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Edinburgh, 481, 483, 485, 487 And 489 Lawnmarket, Gladstone's Land

Museum (19-20th Century), Tenement (16th Century)

Site Name Edinburgh, 481, 483, 485, 487 And 489 Lawnmarket, Gladstone's Land

Classification Museum (19-20th Century), Tenement (16th Century)

Alternative Name(s) James' Court

Canmore ID 52528

Site Number NT27SE 63

NGR NT 25549 73582

Datum OSGB36 - NGR

Permalink http://canmore.org.uk/site/52528

Ordnance Survey licence number 100057073. All rights reserved.
Canmore Disclaimer. © Copyright and database right 2019.

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Administrative Areas

  • Council Edinburgh, City Of
  • Parish Edinburgh (Edinburgh, City Of)
  • Former Region Lothian
  • Former District City Of Edinburgh
  • Former County Midlothian

Archaeology Notes

NT27SE 63 25549 73582

(NT 2554 7358) Gladstone's Land: Standing on the N side of the Lawnmarket and extending at the back into St James' Court, this building takes its name from Thomas Glaidstanes, burgess and guild-brother of Edinburgh, who became its proprietor in 1631. In 1934 it was acquired by the National Trust for Scotland. It has a special interest as being the last building let in Edinburgh with an arcaded front. Portions of the building date from the 16th century (RCAHMS 1948).

R Hurd 1948; RCAHMS 1951.

As described above - the property of the National Trust for Scotland. Visited by OS (J D) 26 December 1953.

Still known as 'Gladstone's Land.'

Visited by OS 8 February 1954; Information from R F Landon, City Architect's Office, Edinburgh.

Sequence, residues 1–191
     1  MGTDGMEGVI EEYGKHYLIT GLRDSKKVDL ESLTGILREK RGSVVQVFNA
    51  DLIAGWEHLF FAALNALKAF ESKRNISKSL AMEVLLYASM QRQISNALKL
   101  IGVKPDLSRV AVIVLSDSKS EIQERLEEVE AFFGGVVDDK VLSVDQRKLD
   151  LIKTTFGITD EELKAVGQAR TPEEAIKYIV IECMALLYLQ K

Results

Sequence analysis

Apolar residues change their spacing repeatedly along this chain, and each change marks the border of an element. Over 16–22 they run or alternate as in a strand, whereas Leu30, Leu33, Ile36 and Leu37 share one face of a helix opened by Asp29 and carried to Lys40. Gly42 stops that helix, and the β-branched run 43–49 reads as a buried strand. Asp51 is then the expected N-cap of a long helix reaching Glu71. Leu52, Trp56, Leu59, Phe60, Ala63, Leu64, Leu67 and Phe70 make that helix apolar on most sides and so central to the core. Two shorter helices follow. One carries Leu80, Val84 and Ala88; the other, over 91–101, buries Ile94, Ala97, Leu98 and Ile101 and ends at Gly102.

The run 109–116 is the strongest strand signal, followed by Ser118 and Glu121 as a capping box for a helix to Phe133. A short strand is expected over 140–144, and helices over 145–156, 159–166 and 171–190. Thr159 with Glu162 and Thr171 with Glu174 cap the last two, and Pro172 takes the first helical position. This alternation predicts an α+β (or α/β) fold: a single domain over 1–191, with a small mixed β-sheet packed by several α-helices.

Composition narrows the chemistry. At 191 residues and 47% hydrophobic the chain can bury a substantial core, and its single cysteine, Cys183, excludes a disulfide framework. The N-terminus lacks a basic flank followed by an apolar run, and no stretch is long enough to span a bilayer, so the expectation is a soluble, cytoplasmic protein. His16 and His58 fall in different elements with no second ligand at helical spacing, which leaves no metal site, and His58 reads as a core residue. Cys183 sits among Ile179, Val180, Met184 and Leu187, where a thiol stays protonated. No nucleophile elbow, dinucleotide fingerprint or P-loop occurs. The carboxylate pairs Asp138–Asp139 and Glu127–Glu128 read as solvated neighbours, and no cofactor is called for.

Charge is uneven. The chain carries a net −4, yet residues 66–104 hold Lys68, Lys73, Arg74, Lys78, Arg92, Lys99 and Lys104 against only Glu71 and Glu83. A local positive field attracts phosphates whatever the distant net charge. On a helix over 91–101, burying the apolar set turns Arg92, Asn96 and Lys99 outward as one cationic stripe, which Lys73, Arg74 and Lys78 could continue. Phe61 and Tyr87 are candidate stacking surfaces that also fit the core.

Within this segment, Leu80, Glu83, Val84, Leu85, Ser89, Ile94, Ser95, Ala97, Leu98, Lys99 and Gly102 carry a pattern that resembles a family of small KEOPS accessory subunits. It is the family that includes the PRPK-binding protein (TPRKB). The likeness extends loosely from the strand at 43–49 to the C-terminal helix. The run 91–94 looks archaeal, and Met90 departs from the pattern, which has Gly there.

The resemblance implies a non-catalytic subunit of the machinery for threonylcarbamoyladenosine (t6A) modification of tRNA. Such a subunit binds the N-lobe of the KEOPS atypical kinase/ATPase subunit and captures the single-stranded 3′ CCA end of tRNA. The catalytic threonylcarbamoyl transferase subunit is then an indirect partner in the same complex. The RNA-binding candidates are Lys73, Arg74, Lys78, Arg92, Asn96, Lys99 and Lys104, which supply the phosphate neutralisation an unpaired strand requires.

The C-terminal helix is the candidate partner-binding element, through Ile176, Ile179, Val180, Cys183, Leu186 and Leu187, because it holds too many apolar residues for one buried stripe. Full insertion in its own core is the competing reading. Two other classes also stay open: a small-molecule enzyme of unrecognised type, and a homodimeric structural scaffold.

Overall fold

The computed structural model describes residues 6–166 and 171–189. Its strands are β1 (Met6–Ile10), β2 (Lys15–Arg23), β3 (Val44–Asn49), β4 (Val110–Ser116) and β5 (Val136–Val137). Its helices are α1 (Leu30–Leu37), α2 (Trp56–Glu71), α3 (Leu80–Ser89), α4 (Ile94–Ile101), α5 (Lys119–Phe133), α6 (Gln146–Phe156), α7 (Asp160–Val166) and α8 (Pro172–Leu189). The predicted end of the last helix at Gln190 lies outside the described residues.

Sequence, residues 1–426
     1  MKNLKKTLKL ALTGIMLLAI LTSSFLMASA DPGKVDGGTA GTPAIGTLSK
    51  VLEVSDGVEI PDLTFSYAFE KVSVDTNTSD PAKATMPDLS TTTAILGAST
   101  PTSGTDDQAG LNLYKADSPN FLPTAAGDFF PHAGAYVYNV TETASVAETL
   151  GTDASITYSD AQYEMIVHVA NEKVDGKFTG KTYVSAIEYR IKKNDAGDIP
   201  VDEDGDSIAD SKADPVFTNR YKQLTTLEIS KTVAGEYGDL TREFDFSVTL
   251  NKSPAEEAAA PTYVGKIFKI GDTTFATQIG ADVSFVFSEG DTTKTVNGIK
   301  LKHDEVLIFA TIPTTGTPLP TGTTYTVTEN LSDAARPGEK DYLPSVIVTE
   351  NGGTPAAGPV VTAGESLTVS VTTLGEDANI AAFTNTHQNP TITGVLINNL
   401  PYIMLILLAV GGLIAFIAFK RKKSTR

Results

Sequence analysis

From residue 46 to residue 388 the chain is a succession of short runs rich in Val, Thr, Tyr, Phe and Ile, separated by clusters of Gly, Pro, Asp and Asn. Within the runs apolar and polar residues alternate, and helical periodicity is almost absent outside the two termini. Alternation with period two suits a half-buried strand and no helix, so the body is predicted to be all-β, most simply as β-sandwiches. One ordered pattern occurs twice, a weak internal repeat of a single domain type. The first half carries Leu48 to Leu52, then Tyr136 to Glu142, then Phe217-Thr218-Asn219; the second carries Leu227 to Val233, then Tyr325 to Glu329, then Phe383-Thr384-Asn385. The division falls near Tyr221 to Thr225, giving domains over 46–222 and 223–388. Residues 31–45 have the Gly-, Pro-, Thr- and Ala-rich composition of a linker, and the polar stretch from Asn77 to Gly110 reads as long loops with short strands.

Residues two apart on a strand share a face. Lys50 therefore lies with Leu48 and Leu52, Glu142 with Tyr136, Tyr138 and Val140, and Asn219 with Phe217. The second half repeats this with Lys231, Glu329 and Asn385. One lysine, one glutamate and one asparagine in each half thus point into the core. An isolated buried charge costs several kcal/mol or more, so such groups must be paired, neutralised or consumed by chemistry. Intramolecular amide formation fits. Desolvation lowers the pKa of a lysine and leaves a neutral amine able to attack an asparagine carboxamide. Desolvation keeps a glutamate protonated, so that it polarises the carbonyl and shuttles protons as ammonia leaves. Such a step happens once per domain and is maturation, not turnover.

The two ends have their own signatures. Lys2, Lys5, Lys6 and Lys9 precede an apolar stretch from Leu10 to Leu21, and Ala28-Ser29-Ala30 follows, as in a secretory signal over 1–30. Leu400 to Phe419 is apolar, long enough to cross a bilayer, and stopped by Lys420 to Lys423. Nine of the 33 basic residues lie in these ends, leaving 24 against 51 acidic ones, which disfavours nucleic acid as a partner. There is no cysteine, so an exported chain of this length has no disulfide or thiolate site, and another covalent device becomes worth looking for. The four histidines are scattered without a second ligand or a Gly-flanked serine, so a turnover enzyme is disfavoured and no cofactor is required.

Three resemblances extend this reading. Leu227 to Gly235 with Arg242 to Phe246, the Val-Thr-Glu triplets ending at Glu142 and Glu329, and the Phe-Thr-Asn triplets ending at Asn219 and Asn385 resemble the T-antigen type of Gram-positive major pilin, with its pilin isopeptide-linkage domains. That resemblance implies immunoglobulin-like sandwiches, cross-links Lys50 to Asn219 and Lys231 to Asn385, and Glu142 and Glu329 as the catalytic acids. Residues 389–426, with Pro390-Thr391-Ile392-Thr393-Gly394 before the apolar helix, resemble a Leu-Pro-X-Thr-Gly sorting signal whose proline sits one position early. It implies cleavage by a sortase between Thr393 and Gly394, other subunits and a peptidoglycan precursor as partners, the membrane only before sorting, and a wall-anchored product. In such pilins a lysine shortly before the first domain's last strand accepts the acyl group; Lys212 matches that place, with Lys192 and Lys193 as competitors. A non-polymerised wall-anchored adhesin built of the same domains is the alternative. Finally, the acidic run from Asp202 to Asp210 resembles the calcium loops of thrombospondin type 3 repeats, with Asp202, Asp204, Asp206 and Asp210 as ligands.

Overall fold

As described by previous field report.

Visited by OS (S F S) 27 November 1975.

Awaiting DES 2000 entry (2000/p.35).

Architecture Notes

One of the finest houses in Edinburgh. Six storeys in height. Arcaded ground floor, upper two running into picturesque gables. Interior-good painted ceilings and large fireplaces. Timbered back. Built 1617-20.

See NMRS Collections SK/Ferg/10, William Lee Ferguson Sketch Book for pencil sketch of elevation of Gladstone's Land, insc: 'Gladstone's Land. Lawnmarket'

Non-Guardianship Sites Plan Collection, DC23561- DC23560, 1933- 1933, 1959 & 1961.

(Undated) information in NMRS.

Activities

Publication Account (1981)

Gladstone’s Land is of interest being the only structure left in Edinburgh with a genuine arcade, also once a common feature of the High Street (RCAM, 1951, 74). Remains of sixteenth-seventeenth-and eighteenth-century work abound in this six-storey building (Hurd, 1948, 14). Dormer windows and crow-stepped gables are another feature along with a wooden painted ceiling dating from 1620 (Hurd, 1948, 19). Gladstone's Land, which was restored in 1935.

Information from ‘Historic Edinburgh, Canongate and Leith: The Archaeological Implications of Development’ (1981).

Project (1997)

The Public Monuments and Sculpture Association (http://www.pmsa.org.uk/) set up a National Recording Project in 1997 with the aim of making a survey of public monuments and sculpture in Britain ranging from medieval monuments to the most contemporary works. Information from the Edinburgh project was added to the RCAHMS database in October 2010 and again in 2012.

The PMSA (Public Monuments and Sculpture Association) Edinburgh Sculpture Project has been supported by Eastern Photocolour, Edinburgh College of Art, the Edinburgh World Heritage Trust, Historic Scotland, the Hope Scott Trust, The Old Edinburgh Club, the Pilgrim Trust, the RCAHMS, and the Scottish Archive Network.